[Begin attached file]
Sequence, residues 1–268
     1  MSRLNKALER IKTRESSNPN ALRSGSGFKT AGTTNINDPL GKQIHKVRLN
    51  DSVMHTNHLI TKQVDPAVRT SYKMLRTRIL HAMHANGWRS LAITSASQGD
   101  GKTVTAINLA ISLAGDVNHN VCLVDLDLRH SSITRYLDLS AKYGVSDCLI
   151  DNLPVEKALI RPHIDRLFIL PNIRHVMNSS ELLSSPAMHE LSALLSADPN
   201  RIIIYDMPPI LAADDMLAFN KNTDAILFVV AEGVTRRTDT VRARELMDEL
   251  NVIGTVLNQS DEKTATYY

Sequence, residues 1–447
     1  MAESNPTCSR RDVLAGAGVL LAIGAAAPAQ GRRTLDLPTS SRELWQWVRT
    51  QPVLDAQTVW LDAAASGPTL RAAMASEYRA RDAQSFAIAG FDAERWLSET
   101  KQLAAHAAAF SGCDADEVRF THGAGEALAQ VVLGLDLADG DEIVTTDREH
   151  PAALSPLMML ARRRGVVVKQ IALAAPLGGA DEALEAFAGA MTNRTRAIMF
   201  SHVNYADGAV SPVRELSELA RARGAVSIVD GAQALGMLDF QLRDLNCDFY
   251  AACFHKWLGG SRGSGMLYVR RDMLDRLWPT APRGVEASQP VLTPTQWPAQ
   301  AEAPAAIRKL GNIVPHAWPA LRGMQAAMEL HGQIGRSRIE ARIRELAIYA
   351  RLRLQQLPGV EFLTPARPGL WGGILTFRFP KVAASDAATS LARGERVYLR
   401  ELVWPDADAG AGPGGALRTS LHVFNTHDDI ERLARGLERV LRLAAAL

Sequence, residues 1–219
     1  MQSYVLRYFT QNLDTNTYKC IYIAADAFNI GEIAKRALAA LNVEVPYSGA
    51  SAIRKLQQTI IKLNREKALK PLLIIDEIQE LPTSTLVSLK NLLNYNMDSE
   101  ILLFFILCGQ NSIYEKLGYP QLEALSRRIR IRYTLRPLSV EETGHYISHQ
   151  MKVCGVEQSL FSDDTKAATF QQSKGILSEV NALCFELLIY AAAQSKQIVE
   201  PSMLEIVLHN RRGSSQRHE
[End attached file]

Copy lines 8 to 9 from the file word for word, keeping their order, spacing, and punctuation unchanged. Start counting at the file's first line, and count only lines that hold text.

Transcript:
Sequence, residues 1–447
     1  MAESNPTCSR RDVLAGAGVL LAIGAAAPAQ GRRTLDLPTS SRELWQWVRT